One Mile at a Time

After losing the past three months to a back injury, I’m getting started again on my 1000 Miles project, the purpose of which is to raise money to help cover the cost of my friend Sasha’s leukemia treatment.

I really don’t know how this kid does it. He’s only three-and-a-haf years old, and he’s going through brutal cycles of chemotherapy every few weeks. Every time I seem, even if he’s weak from chemo, he’s enthusiastic and inquisitive. He loves to come over an look at my motorcycle, honk the horn, and dig in the saddle bags. When he’s big enough, maybe his parents will let me take him for a ride.

So, Sasha is a big inspiration to me, yet after all these months of physical therapy, I still didn’t have the courage to get back on the elliptical machine and start walking again. I saw he and his mother walking home from the grocery store yesterday, and I decided that if he could walk a quarter of a mile in the August heat, I could at least go a round on an exercise machine in a comfortably air conditioned gym.

Hurricane ISAAC prevented me from jumping on last night: part of my work at National Business Aviation Association (DISCLAIMER: opinions are my own) is posting critical news updates for our members, regardless of the time of night. But tonight, I didn’t have any excuses.

I warmed up by walking several laps in a rather cool pool while my daughter hung on to my neck, yelling “Giddy-up, seahorse! I’m a mermaid cowgirl. She’s four-and-a-half, and this was great excitement for her, and the wiggling made it a fairly intensive workout for me.

After fifteen minutes of seahorse duty, I dried off (somewhat) and headed into the gym. I hopped on my favorite elliptical machine and started marching up an imaginary mountain. Pretty quickly, I decided to imagine a flat road, since the mountain was mentally kicking my rear. My physical rear was also feeling it.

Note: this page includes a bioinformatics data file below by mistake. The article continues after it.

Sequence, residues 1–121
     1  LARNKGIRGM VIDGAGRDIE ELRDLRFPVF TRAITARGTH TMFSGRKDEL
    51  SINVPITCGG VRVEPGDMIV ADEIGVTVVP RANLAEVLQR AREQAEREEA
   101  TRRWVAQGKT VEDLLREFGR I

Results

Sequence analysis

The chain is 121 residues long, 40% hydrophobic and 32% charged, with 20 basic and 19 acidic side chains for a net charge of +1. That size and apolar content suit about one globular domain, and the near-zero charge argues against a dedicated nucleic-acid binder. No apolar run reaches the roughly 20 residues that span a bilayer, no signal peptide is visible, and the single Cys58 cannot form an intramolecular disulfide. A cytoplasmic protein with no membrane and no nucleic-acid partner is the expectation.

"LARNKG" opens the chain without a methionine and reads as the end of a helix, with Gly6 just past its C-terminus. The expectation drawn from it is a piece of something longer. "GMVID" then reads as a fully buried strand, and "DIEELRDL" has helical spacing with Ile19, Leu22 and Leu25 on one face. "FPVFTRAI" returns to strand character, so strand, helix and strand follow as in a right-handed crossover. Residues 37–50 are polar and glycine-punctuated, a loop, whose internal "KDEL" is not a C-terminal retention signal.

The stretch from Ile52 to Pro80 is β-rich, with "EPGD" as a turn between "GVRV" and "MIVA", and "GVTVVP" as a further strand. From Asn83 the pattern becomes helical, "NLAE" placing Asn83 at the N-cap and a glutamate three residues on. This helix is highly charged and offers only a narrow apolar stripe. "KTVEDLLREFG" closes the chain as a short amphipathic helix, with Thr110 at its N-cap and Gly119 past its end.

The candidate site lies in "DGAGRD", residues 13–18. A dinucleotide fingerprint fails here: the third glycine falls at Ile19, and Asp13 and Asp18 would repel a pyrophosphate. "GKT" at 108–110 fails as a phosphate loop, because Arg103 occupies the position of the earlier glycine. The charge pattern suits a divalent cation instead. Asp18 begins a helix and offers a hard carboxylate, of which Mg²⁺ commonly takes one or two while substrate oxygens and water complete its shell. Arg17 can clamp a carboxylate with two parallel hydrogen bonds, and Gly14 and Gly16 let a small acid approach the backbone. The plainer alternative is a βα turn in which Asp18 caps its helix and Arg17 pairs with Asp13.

Perhaps the most interesting thing I notices was that I was averaging about 5.7 miles an hour, and I wasn’t getting winded. My heart rate was steady, between 140 and 142 (a good zone for me), and my stamina wasn’t giving out.

At half I mile, the ache in my hip told me this was only going to be a one mile day at best. I stuck with it and managed to finish one mile in ten minutes and thirty seconds, which is excellent time for me. I’m not sure if I could maintain that over five miles, but I’m determined to find out in the months ahead.

This time, I plan on taking a bit more slowly: rather than jumping right into five miles a day, every day, I’m planning on starting with one mile every other day for the next week, then bump it up to every day for a week or two. I’ll add an additional mile every couple of weeks until I’m back up to doing five comfortably.

Being under the care of the physical therapists at Jackson Clinic gives me a lot of confidence that I can do this. I can already feel where they helped me strengthen by back and core, and I think I can back to five miles a day before the end of 2012 without hurting myself.

So, add another mile for Sasha.

  • PROGRESS: 83 miles
  • REMAINING: 917 miles

Make A Donation to Help Pay for Sasha’s Chemo

First 50 Miles: a Walk in a Park – a BIG Park

I knocked out another five miles last night, bringing my total mileage up to fifty-two. That’s fifty-two miles in a month! I need to be doing just under a hundred to make mile goal, but fifty miles to me was an important symbolic number: I knew if I could finish the first fifty miles, the next fifty wouldn’t be as tough. And after the first hundred, the next hundred should be easier as well. From here, one thousand miles looks like a walk in the park.

OK, it looks like a very long walk in a park that goes mostly uphill. But completing the first fifty mile proved to myself that I’m serious about doing this.

We also had dinner with Sasha and his family Saturday night, and seeing how much strength he gained back so quickly after his latest round of chemotherapy, I’m reminded that this isn’t just a walk in the park.

Those pledges are important. They help keep me motivated through the next fifty miles, but they also help Sasha get well. He’s a strong boy, and I hope he’ll be well enough to walk his own 1000 miles soon.